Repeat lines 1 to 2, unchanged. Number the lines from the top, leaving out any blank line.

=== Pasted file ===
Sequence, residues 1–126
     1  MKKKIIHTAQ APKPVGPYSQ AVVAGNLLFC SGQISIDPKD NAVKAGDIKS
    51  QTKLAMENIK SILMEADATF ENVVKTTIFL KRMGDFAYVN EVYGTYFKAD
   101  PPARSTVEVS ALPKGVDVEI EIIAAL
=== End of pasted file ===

Sequence, residues 1–126
     1  MKKKIIHTAQ APKPVGPYSQ AVVAGNLLFC SGQISIDPKD NAVKAGDIKS